If the world were US-centric, that would be correct. However, the EU and especially a big part of Asia as well as South America is becoming more and more China-centric. All of a sudden we would have a massive devaluation of the dollar (for the amount outstanding in China) in view of 'the rest of the world'. Of course China would lose some too but not quite as big as the US.

    • Re: (Score:3, Interesting)

      by Opportunist (166417)

      Go to war with the US? Are you nuts? The Chinese are doing to the US what the "western world" has been doing to Africa for decades if not centuries.

      You know what the economic side of colonialism was about? Finding a place to dump your manufactured goods on to gain "legal" access to their resources. You like our trinkets, clothing and other crap? Fine, no problem, you underdeveloped hicks, can't make it yourself, but no problem, we sell our surplus to you. We actually make what you need, but you gotta pay fo

    • "Is Never get involved in a land war in Asia" - Vencini - The Princess Bride

      Seriously with 1.2 billion people and a US Government that doesn't fighting on even grounds (doctrine of overwhelming superiority) the Chinese are number 1 on a list of countries to not go around starting a War with (Russia as a close number 2).

      The stupidest thing that Bush ever did (and lets face that is a long list) were the "threats" that he made to China over the spy plane thing. It showed the most amazing lack of knowledge on

  • by GFree678 (1363845) on Monday December 08, 2008 @09:11AM (#26031997)

    ... but all this talk about cyberwar just makes me think PEW! PEW! PEW! for some reason.

  • Nonsense (Score:4, Insightful)

    by KlausBreuer (105581) on Monday December 08, 2008 @09:14AM (#26032039) Homepage

    Seeing that people are slooowly getting tired of THE WAR ON EEEEVIL TERRARISTS, here's the next Great War.
    The state needs this to:

    a) Support their friends in the industry
    b) Grab more power for themselves
    c) Bask in the warm glow of feeling important

    Ignore this babble.

    • Ignoring it doesn't really look like a good idea. You know how babbles and bubbles can turn into laws. You've watched the hype about terrorism, right?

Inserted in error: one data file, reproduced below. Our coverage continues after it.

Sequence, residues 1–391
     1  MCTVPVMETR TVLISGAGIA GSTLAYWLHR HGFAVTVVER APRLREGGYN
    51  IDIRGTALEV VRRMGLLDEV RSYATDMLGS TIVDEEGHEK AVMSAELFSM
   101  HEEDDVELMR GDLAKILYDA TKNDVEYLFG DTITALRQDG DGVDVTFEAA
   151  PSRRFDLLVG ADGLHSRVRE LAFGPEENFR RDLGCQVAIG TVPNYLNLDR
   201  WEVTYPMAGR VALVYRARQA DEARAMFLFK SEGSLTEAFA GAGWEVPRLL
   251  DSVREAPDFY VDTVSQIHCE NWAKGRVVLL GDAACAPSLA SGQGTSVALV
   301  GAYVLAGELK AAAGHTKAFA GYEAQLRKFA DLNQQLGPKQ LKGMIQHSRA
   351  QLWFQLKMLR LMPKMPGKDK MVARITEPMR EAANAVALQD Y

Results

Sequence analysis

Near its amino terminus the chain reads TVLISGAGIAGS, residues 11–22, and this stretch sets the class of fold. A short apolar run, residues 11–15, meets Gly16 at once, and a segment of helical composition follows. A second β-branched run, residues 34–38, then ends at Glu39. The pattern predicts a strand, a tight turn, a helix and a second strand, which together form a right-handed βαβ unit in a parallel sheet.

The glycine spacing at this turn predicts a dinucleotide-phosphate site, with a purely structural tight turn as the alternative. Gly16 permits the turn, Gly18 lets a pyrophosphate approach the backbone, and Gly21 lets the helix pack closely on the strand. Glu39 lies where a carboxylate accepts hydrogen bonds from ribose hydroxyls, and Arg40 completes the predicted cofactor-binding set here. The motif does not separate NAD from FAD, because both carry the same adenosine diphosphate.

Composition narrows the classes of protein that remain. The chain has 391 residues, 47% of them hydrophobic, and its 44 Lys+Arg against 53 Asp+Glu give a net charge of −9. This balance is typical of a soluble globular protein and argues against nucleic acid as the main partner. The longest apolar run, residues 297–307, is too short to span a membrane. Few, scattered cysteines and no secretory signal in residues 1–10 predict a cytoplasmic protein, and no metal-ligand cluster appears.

I wouldn't deem it impossible that we'll soon see a call for mandatory blocking proxies (of course only to shut out those pesky botnet servers, and while we're at it, maybe a few other "hostile" addresses), or maybe even demands for direct control of people's PCs (to clean them of malware and, while we're at it, some other "unwanted" software)...

  • The abysmal level of technical detail in all these "US military data was stolen", "Pentagon was hacked" kind of reports confirms it.
  • The article and practically every person or entity mentioned in it conflates commercial computer security with military operations. Commercial espionage, theft of intellectual property, garden-variety identity theft - these things are significant issues, but they aren't military threats. I view the article as a combination of people who have a vested interest in making the situation look as scary as possible in order to show that they (the writers, the commission, the groups the commission worked with, et

    • They're worse than military threats. They're economic threats. But how could you use that as an excuse to give the military more power within the country?

      So it has to be a military problem, you see?

  • This is nothing new (Score:4, Interesting)

    by Registered Coward v2 (447531) on Monday December 08, 2008 @09:18AM (#26032103)